3. The third category of cases wherein the exercise of conditional legislation would depend upon satisfaction of the delegate in objective facts placed by one class of persons seeking benefit of such an exercise with a view to deprive the rival class of persons who otherwise might have already got statutory benefits under the Act and who are likely to lose the existing benefit because of exercise of such a power by the delegate. In such type of cases the satisfaction of the delegate has necessarily to be based on objective consideration of the relevant data for and against the exercise of such power.

The landmark case for delegation of legislation is the Re : Delhi Laws Act Case [4], which revolved around the question of whether giving the Lt. Governor the power to extend the application of law is delegation of power? Privy council observed that Indian legislature is not an agent or delegate but was intended to have plenary powers of legislation and of the same nature of the parliament itself. It was observed that Indian legislature had exercised its judgement as to the place, person, law, powers and what the governor was required to do was to make it effective upon fulfilment of certain conditions. This is called conditional legislation which was upheld by the court. [5] In Jatindra Nath v. Province of Bihar [6], it was held that there could be no delegated legislation in India beyond conditional legislation.

CONDITIONAL LEGISLATION AND DELEGATED LEGISLATION :-

Conditional legislation though a kind of delegated legislation is different from it as the latter includes conferring law-making power to another body, but the former is only for bringing the law in force by another body without having any law-making power. Both the jobs are being done by delegates, but one involves law making and the other involves implementing the same. The point of commonality being that both are done by delegates with a motive of better implementation and usage of law. One with framing supporting rules, guidelines, notifications and the other with method and satisfying conditions for execution of the law made by the assembly accordingly. In the end, delegated legislation be it of any kind is working under the umbrella of powers given by the law-making bodies of central and state governments respectively.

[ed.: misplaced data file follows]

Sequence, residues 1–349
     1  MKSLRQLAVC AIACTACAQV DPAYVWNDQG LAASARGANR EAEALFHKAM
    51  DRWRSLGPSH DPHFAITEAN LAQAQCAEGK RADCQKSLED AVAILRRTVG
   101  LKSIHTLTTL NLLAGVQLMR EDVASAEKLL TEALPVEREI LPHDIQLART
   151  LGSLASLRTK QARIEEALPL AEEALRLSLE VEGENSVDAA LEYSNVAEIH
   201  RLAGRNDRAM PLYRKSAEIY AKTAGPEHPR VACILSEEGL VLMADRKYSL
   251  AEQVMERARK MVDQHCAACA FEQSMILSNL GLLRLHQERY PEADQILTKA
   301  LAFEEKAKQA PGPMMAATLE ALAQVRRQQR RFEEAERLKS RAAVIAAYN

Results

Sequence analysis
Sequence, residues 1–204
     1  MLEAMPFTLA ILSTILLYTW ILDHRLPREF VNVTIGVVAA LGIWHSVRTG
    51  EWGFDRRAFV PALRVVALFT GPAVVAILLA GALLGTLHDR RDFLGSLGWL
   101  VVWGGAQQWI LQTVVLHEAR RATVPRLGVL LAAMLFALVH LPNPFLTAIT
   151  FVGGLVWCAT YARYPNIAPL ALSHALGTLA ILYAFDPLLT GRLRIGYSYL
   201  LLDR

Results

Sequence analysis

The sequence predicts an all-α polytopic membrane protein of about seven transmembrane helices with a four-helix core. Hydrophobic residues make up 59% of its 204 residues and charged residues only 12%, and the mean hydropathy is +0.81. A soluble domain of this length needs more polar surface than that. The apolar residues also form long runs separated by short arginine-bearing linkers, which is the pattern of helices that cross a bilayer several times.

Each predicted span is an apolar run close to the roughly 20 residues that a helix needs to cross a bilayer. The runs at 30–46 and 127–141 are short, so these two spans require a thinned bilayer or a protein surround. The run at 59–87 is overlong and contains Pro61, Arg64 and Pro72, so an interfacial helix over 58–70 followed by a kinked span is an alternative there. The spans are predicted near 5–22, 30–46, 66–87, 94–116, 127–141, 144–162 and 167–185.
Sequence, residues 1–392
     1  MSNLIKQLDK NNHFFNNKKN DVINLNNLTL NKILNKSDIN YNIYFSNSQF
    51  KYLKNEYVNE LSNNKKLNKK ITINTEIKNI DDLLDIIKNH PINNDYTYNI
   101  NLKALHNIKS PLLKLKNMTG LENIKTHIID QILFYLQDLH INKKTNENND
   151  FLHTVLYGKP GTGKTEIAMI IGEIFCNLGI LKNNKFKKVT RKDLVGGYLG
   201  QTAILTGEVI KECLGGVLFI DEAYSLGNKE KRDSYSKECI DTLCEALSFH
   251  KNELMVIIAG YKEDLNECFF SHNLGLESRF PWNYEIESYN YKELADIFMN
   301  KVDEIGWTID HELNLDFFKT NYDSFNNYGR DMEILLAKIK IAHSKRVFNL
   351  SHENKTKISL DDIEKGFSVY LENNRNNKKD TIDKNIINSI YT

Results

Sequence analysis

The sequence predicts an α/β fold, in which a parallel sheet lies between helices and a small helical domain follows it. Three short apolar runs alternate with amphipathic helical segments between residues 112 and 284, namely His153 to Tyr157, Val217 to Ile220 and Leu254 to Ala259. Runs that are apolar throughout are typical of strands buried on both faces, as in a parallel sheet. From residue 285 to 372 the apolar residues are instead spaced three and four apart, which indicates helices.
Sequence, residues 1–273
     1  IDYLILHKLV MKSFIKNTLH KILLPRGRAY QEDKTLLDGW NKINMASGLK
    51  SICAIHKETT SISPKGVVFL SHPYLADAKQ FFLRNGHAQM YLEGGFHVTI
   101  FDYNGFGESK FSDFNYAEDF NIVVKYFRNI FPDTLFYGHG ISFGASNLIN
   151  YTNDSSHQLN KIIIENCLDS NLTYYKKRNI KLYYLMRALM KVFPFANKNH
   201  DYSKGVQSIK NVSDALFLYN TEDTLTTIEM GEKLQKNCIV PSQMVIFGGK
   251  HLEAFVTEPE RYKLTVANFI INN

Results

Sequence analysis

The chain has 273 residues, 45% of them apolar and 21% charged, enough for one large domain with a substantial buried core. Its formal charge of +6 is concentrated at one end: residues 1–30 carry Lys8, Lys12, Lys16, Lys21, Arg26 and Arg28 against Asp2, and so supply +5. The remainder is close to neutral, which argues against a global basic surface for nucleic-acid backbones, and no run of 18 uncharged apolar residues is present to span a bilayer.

References

[1] AIR 1960 SC 554.

[2] Dr. N. V. Paranjape, Studies in Jurisprudence and Legal Theory, 8th Edition, Central Law Agency, Pg. 331.

[3] In Re the Delhi Laws Act, 1912 v. The Part C States (Laws) Act, 1951 AIR 332 read along with Conditional Legislation and Delegated Legislation, available at https://www.lawyersclubindia.com/articles/Conditional-legislation-and-delegated-legislation-1126.asp

[4] AIR 1951 SC 347.

[5] IN RE DELHI LAWS ACT CASE : LANDMARK IN CONCEPT OF DELEGATED LEGISLATION IN INDIA , MANUPATRA ARTICLES, available at http://www.manupatra.com/roundup/333/Articles/In%20re%20Delhi%20Laws%20Act%20Case.pdf

[6] ( 1949 ) 2 FCR 595.